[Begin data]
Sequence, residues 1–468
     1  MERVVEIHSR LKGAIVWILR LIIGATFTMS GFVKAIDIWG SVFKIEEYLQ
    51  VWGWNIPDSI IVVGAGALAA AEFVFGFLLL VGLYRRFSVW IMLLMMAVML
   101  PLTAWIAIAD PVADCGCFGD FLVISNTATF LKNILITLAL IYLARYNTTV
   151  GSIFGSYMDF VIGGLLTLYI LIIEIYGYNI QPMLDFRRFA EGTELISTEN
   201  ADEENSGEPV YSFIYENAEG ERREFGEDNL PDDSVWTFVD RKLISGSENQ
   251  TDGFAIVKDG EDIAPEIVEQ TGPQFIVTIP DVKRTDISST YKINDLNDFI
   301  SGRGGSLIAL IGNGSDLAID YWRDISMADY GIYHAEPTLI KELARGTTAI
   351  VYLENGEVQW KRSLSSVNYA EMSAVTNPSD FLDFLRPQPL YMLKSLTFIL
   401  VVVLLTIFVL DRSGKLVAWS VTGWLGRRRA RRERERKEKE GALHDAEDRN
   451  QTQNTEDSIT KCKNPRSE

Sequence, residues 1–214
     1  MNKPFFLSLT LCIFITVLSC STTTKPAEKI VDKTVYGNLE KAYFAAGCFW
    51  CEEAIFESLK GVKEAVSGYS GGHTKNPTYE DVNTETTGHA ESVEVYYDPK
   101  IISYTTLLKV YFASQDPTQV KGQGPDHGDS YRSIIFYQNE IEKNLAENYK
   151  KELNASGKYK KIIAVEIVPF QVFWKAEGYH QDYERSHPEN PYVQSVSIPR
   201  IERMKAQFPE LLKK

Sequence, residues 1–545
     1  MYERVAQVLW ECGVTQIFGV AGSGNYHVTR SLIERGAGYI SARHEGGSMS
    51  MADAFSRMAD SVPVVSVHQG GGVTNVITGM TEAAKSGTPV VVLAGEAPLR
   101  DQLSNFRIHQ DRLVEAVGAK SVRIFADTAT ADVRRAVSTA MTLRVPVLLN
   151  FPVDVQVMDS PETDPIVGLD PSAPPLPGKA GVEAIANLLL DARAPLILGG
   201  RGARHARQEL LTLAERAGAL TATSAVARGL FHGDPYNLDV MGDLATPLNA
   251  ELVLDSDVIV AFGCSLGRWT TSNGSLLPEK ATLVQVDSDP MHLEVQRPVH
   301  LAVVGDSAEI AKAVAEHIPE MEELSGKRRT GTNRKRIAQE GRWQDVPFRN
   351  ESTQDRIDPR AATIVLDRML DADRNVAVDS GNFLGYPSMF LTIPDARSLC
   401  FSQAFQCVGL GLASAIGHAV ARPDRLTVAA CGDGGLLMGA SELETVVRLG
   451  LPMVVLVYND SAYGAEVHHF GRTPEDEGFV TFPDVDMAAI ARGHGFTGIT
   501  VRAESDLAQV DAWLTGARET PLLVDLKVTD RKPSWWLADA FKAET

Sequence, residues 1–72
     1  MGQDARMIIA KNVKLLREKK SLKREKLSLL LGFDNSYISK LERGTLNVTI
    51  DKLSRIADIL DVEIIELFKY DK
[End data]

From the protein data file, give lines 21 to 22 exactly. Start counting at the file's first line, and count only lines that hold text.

   101  DQLSNFRIHQ DRLVEAVGAK SVRIFADTAT ADVRRAVSTA MTLRVPVLLN
   151  FPVDVQVMDS PETDPIVGLD PSAPPLPGKA GVEAIANLLL DARAPLILGG